Inside! The crew need five layers of clothing before they can even think of leaving the base.
As the final plane departs they know that it will be the last till winter is over in eight months' time.
The plane just left and that's us on our own now.
Nobody will be coming in case something happened.
We're now all by ourselves.
When the team head out to explore they discover just how careful they have to be working in this hostile world.
We've got across an enormous crack so we're probably on an unsafe piece of ice at the moment.
Oh my God! Did you just hear that? A deep crack at the edge of the ice shelf like this can be extremely dangerous.
Oh my word, it just goes straight down.
This area is definitely not safe.
Incredible reminder of how unpredictable this place is.
It's just mind-blowing.
Six miles from the station (9.
6 km), permanent ice meets the ocean.
This is where the penguins will soon be heading.
Once the sea is frozen, the team will have to cross the treacherous, newly-formed ice to reach them.
Found a decent spot for the big guys to lower me down onto the sea ice for the first time.
Will can act as a bit of a safety man for me in case something goes wrong.
These are our first three steps onto the sea ice.
Definitely it is a bit nerve-wrecking knowing that there's a couple of hundred metres of water underneath us.
To find a safe route the crew must check the depth of the ice all the way.
Ice around 30 cm and above is stable.
This is a great moment for us.
We've finally made it to the colony.
Yes, very special.
When it's this still, and there's this many birds in front of you, and makes the place look absolutely beautiful.
A few weeks later the sun sets for the last time, and Antarctica reveals its harsher side.
We think it's probably minus 50.
The sun is somewhere below the horizon.
So won't be visible for another six weeks, probably.
So this is something we're gonna have to get used to.
It's easier said than done.
Oh, God! Then the storms come.
A proper, proper weather now and really, really strong winds.
The colony is just in front of us.
Sometimes it disappears behind the snow.
It's been hovering around 100 km/h, and since has picked up.
What these penguins are having to put up with out there is just mind-blowing.
Finally we're coming to the end of this storm.
There's all sorts of weird rattling sounds and God honest, I don't know how this station manages to stay standing.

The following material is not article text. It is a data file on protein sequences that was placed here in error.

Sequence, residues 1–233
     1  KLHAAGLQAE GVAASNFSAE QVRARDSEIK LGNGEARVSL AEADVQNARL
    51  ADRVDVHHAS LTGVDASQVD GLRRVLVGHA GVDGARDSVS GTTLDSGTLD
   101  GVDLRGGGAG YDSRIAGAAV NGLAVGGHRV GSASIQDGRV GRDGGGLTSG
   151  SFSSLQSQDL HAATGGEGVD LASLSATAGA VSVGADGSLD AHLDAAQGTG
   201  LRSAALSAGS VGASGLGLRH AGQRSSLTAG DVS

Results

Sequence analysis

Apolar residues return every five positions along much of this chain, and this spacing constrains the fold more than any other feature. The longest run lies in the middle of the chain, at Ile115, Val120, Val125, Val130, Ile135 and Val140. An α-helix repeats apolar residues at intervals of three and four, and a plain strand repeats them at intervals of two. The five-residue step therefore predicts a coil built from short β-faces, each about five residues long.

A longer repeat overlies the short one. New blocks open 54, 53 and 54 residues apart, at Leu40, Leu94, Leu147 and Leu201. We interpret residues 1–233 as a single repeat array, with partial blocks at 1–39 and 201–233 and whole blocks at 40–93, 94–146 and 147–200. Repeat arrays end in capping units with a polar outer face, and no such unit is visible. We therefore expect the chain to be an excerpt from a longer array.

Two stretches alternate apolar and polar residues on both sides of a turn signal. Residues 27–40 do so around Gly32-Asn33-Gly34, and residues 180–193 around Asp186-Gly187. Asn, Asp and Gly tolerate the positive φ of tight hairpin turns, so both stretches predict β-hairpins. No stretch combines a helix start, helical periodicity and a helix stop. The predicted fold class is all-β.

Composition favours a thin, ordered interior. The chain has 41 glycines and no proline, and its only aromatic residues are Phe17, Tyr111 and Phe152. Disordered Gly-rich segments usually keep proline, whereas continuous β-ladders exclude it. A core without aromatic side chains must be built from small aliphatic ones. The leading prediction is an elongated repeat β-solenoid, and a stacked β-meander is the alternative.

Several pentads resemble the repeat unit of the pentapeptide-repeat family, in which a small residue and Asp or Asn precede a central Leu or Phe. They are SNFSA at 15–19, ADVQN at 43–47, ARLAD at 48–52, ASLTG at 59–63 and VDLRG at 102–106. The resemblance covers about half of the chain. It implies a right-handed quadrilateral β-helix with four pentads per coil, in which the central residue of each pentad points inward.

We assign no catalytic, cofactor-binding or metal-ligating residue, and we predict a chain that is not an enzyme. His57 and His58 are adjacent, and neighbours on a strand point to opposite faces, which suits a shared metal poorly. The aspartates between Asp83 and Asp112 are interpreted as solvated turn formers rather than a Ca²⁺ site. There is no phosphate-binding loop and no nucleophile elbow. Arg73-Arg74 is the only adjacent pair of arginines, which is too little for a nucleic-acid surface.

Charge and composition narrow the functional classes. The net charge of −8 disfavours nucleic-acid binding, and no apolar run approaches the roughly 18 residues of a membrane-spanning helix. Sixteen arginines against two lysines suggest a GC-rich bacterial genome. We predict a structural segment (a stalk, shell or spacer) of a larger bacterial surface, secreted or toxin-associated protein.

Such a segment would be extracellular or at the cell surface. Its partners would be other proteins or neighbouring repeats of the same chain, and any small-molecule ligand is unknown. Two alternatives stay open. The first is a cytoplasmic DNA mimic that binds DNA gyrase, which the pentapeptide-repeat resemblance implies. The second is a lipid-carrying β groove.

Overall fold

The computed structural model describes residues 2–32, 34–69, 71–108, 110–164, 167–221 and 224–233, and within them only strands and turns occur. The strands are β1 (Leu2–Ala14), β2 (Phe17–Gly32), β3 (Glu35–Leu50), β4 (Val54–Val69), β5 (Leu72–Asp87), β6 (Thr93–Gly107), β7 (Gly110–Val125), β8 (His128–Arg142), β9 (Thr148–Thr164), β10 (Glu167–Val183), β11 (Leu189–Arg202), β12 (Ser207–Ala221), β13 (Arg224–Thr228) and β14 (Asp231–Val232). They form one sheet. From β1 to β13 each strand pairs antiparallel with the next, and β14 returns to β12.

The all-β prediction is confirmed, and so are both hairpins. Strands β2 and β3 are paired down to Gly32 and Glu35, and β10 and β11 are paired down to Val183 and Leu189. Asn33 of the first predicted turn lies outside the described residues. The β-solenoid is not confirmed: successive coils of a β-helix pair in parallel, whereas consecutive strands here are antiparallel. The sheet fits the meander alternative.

Finally, the sun returns, but the storms continue.
A break in the weather reveals something the team had not expected.
I can hear a heck of a lot of noise coming from just over the brow.
Oh man! Oh, my word! There are birds down there with chicks.
Film crews have to capture events as they unfold whatever their feelings.
I know it's natural, but it's bloody hard to watch.
We're just gonna have to observe them for a bit and see exactly what's happening.
We've climbed back onto the top because the weather is coming in again and we're just gonna have to pack up and an adult with a chick on its feet managed to make its way up.
Amazing, he's using its beak, and when he got to this last little leg its wings! Oh, man, if only the other 50 in there could do the same.
Hopefully the weather will clear again tomorrow, we can get back down here and fingers crossed, there will be a few less birds in this hole.
Two days later the weather allows the team to return to the colony.
Already the gully has claimed more casualties.
The team decide to act.
We've given it a lot of thought.
We've decided that we're definitely gonna dig a shallow ramp that they will hopefully use.
It's very rare for a film crew to intervene.
But they realise that they may be able to save at least some of these birds simply by digging a few steps in the ice.
Oh, man! Will, look! Oh, my goodness.
We were literally just about to leave, but the first birds are definitely making their way up, which is brilliant.
So hopefully they'll just make their way back to the colony and them and their chicks'll have a much better chance of survival because there is no chance that they were gonna survive down there at all.
The crew follow the chicks as they grow up and after months with the emperors their time in Antarctica is finally coming to a close.
We're coming to the end of the trip now.
Yeah, we've had a had an amazing year, and I'm obviously desperate to get home.
But this there's an odd part of me that doesn't wanna leave.
What a privilege, eh? Next time A lioness battles against the odds to protect her family.
Can she lead them back from the brink of disaster?